spamassassin unix - n n - - pipe flags=R user=spamd argv=/usr/bin/spamc -e /usr/sbin/sendmail -oi -f ${sender} ${recipient}

And indicate (at the top) that spamassassin will serve as content_filter:

Finally, restart Postfix to apply changes:

# systemctl restart postfix

To verify that SpamAssassin is working properly and detecting incoming spam, a test known as GTUBE (Generic Test for Unsolicited Bulk Email) is provided.

To perform this test, send an email from a domain outside your network (such as Yahoo!, Hotmail, or Gmail) to an account residing in your email server. Set the Subject line to whatever you want and include the following text in the message body:


And shows the corresponding notice in the logs:

Additionally, you can test spamassassin right from the command line:

# spamassassin -D < /usr/share/doc/spamassassin-3.4.0/sample-spam.txt

Install chkrootkit on CentOS

What is chkrootkit and the steps to Install chkrootkit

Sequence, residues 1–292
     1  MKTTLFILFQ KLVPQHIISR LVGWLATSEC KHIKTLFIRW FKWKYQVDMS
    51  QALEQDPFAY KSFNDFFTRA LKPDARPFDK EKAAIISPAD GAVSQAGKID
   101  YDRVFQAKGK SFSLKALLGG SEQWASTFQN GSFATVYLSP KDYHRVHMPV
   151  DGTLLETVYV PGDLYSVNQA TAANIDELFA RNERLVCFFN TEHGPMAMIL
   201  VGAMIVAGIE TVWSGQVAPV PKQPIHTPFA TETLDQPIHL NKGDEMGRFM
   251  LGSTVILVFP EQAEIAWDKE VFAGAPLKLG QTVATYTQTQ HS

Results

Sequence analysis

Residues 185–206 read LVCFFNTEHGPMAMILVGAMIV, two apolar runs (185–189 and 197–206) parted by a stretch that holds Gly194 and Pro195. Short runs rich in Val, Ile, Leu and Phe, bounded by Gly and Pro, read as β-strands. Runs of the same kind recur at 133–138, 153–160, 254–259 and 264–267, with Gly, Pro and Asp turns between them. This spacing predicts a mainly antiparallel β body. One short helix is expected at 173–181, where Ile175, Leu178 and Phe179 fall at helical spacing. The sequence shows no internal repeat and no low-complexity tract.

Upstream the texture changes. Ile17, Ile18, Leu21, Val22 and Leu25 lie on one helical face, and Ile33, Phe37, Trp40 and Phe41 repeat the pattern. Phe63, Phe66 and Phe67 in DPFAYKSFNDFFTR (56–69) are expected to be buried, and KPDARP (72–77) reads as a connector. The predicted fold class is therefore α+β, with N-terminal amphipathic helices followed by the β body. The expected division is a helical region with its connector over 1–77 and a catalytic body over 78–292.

The chkrootkit is a security scanner to check if the system is infected with the ‘rootkit’. A rootkit is a malicious software which is capable of having administrator-level access to a computer or network. The rootkit allows the hackers to take the control of a system without the user knowing it. This means that the rootkit is capable of executing files and changing system configurations on the target machine and many more which can be done only as the super user of the Linux machine.

Please note that scanning for rootkits will not stop all attacks, it is not an active defense. If your server has been compromised then a scan will not stop the rootkit.